The past couple of days have been long rides to where the whales have been most prominent. But the trek has been well worth it! Even when we have started out in foggy conditions, the fog miraculously lifted just in time for us to see blows from whales in all directions. On Thursday morning, we found Atlantic white sided dolphins to start the trip. Then we began seeing blows from humpback whales not far away! Most of the humpbacks we identified were adult males including the brothers Slingshot and Sword!
As we were just about to leave the humpbacks to start home, the dolphins surprised us and showed up with the humpbacks for some lovely last looks!
Thursday afternoon’s trip was similar to the morning trip in that we saw Atlantic white sided dolphins and humpbacks, however some of the individual humpbacks that we identified were different!
There are certainly a lot of whales in this neck of the woods! The dolphins showed up at the end of our time with the humpbacks and even briefly associated with Sword.
At one point, a dolphin even leaped right over the nose of Sword as he was coming up for a breath! The fog began to roll back in so we knew it was time to go home.
Friday morning was glassy calf. We spotted the fin of an ocean sunfish, and after a bit of searching, were able to get close to it so everyone could get a good look at this unique-looking animal. A couple of seals and a couple of harbor porpoises were also easy to see in the calm ocean. Then we got to the area where the big whales have been hanging out. This time, our sightings of humpback whales were dominated by adult females!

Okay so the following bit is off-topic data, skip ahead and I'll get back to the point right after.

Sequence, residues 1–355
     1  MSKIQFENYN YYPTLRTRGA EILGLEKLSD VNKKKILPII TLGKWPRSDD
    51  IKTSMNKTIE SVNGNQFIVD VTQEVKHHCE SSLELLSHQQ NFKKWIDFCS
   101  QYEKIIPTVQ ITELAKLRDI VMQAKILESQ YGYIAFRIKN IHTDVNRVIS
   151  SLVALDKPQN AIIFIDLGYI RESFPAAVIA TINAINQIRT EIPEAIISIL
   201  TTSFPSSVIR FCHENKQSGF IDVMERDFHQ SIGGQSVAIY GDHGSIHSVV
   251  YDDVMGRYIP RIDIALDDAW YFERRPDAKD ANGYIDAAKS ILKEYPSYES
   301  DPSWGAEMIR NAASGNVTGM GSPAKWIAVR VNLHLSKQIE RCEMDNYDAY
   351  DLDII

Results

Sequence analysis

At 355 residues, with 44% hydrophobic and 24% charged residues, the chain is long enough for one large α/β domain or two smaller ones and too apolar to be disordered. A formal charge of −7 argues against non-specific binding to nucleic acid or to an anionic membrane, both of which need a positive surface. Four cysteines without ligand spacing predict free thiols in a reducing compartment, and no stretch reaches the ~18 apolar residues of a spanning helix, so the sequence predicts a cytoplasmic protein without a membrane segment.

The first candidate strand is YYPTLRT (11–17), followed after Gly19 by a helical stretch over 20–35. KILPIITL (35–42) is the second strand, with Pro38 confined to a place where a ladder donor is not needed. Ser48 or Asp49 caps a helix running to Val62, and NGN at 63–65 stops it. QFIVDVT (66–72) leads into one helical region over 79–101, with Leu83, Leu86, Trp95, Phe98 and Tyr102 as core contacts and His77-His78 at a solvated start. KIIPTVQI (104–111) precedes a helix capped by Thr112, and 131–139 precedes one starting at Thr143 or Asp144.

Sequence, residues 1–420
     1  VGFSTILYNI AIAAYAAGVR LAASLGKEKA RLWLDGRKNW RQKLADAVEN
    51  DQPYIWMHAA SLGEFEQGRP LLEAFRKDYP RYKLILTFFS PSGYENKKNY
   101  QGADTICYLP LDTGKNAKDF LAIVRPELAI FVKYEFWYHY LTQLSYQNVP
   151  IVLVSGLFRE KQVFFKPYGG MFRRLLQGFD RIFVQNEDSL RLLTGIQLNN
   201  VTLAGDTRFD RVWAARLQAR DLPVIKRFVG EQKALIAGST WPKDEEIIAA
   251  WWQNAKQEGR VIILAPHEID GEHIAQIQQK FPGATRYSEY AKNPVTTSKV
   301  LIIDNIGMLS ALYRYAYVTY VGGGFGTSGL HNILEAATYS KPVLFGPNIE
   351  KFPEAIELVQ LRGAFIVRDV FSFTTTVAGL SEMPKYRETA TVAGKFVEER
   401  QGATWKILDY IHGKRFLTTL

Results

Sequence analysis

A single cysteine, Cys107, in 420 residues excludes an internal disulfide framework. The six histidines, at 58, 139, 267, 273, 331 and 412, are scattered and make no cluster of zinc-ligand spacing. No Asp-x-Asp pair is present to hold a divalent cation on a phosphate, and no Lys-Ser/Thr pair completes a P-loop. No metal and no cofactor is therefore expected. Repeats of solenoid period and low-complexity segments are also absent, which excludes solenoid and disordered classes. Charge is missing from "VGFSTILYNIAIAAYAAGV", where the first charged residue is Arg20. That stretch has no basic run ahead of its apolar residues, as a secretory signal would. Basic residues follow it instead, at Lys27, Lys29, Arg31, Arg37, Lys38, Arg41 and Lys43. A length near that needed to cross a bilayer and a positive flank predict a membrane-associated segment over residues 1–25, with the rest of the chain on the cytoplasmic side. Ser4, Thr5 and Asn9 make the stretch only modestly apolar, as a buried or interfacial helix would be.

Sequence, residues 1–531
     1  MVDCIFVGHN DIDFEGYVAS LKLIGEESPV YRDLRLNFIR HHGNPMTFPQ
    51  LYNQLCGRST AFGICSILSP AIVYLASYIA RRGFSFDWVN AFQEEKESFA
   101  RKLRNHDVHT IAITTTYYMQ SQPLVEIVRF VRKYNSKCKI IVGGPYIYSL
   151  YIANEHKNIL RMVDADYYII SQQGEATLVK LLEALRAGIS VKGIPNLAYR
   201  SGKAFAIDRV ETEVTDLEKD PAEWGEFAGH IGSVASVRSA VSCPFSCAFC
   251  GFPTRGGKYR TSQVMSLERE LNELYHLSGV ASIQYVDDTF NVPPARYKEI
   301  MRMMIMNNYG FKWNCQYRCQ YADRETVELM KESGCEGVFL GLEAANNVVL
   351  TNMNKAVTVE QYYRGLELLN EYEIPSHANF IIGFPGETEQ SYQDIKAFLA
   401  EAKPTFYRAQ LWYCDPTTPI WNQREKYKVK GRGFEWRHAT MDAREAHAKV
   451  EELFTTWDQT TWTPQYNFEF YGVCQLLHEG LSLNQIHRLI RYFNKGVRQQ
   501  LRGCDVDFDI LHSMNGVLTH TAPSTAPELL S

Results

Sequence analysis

Valley and Bayou were together, and then we saw Fan and Quote together. We even got a look at a huge fin whale cruising through the area!
Off in the distance, we could see a whale breaching, and another whale flipper slapping. They were pretty far away. Someone asked if I got a photo of the breach. Yes! Here it is! ;)
Friday afternoon, humpbacks ruled the sightings yet again. We identified at least 9 individuals, all of which were not seen on the past 3 trips! Tripod and Chromosome were together, which was really interesting. In 2009, this pair was seen together 18 times over the course of a month and a half. These long term associations are really rare.
|Chromosome playing with a bit of seaweed on his nose!|
On our start for home, we saw another pair of humpbacks. We didn’t have much time to investigate since we had a lighthouse cruise scheduled for the evening, but we stayed just long enough to identify these as Pinball and her frisky calf! We haven’t seen that pair in nearly a month so we were psyched to see them again today!
|Pinball's calf flipper-slapping|
|Pinball's 2019 calf!!|
Over the past two days, we spent time with over 22 different humpback whales, and since Monday, we have seen over 37 different humpback whales!!
For the bird enthusiasts, puffins, sooty shearwaters, great shearwaters, northern gannets and Wilson’s storm petrels have been sighted!